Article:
Meat & Livestock News

New Zealand’s Economic Landscape: A Brief Respite Amidst Looming Challenges

New Zealand’s economy appears to have made a modest recovery from a brief recession in the second quarter, driven largely by a significant rise in immigration. According to a median estimate from a Bloomberg survey of economists, the Gross Domestic Product (GDP) saw an increase of 0.4% in the three months leading up to June.

Compared to the previous year, the economy grew by 1.2%. These findings will be officially published by Statistics New Zealand on Thursday at 10:45 a.m. in Wellington.

The country experienced economic contractions in the final quarter of 2022 and the initial three months of 2023. This hint of growth will likely be a positive note for Prime Minister Chris Hipkins, especially with the upcoming elections in less than a month, where he currently trails in the opinion polls. 

However, some experts predict that New Zealand might face another recession by the year’s end, given the high interest rates and declining export prices, particularly for dairy products.

Jarrod Kerr, the chief economist at Kiwibank in Auckland, commented on the situation, “With aggressive policy tightening and a weakening global scenario, particularly as China’s post-Covid recovery slows, our primary expectation is for New Zealand to enter another recession later this year.”

The Statistics New Zealand agency is currently reassessing its seasonal adjustment of the GDP series, which might lead to a revision of the first-quarter decline of 0.1%. This review also introduces unpredictability in the quarterly growth figures.

In August, the Reserve Bank had projected that the economy would grow in the second quarter but might contract in the subsequent two quarters. In contrast, the Treasury Department recently predicted continuous growth into the next year.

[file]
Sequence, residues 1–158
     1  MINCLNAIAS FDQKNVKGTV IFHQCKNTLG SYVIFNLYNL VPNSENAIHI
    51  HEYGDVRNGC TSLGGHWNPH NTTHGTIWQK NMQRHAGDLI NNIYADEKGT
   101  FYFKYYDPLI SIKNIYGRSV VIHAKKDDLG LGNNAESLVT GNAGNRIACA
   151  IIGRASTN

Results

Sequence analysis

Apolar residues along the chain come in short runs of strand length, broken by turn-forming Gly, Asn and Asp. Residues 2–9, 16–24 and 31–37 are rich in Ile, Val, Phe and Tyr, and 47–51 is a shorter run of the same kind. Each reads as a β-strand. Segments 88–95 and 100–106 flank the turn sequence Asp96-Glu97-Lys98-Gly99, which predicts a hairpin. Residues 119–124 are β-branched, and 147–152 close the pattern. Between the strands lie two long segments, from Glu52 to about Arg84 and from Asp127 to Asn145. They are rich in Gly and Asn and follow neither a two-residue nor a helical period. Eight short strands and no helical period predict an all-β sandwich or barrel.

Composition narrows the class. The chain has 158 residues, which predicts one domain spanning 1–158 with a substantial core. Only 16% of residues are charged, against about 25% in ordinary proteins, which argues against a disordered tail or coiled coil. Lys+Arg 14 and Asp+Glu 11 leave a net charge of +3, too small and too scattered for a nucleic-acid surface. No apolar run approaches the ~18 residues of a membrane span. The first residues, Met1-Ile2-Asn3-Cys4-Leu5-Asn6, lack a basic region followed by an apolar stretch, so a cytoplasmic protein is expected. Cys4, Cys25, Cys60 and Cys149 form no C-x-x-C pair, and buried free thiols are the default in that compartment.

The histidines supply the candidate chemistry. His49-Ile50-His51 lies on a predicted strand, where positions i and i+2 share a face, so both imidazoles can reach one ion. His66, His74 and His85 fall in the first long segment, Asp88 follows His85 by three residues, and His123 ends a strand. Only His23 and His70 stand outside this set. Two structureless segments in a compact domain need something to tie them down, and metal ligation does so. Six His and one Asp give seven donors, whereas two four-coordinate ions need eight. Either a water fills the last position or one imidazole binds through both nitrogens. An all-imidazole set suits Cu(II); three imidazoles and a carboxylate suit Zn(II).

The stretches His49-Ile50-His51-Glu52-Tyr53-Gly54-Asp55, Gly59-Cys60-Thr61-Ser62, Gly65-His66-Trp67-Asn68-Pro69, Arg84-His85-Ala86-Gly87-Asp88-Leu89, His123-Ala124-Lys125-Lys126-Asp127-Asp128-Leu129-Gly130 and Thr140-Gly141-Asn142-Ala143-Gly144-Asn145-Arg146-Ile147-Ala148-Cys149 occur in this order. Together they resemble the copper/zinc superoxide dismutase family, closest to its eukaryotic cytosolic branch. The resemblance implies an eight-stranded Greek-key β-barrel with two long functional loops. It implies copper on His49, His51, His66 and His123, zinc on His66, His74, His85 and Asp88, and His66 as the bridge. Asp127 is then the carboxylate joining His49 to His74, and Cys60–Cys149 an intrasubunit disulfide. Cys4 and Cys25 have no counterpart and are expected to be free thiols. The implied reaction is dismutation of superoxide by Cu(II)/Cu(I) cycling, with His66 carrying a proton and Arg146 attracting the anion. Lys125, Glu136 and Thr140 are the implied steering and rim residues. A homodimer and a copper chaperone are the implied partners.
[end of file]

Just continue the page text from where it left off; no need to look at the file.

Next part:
Economic growth in the second quarter was supported by recovery efforts post Cyclone Gabrielle and other severe weather incidents that affected the North Island earlier in the year. Additionally, there was a surge in the services sector, including real estate.

However, the residential construction sector saw a decline, and manufacturing remained stagnant. Retail sales volumes also decreased, as high borrowing costs impacted household expenditure.

The surge in immigration has been a significant factor in the economic boost. New Zealand witnessed a record net addition of 92,600 individuals in the year leading up to June, leading to increased demand for rental properties and housing.

The Treasury cited this heightened demand as a reason to remain optimistic about avoiding another recession.

Despite these figures, New Zealand’s population growth of an estimated 0.6% in the second quarter surpassed the median GDP expectations, indicating that per capita growth might have decelerated for the third consecutive quarter.

Miles Workman, a senior economist at ANZ Bank New Zealand in Wellington, noted, “The increasing gap between the headline and per capita growth demonstrates that New Zealand is relying on population growth to enhance the headline GDP, reminiscent of pre-pandemic trends.”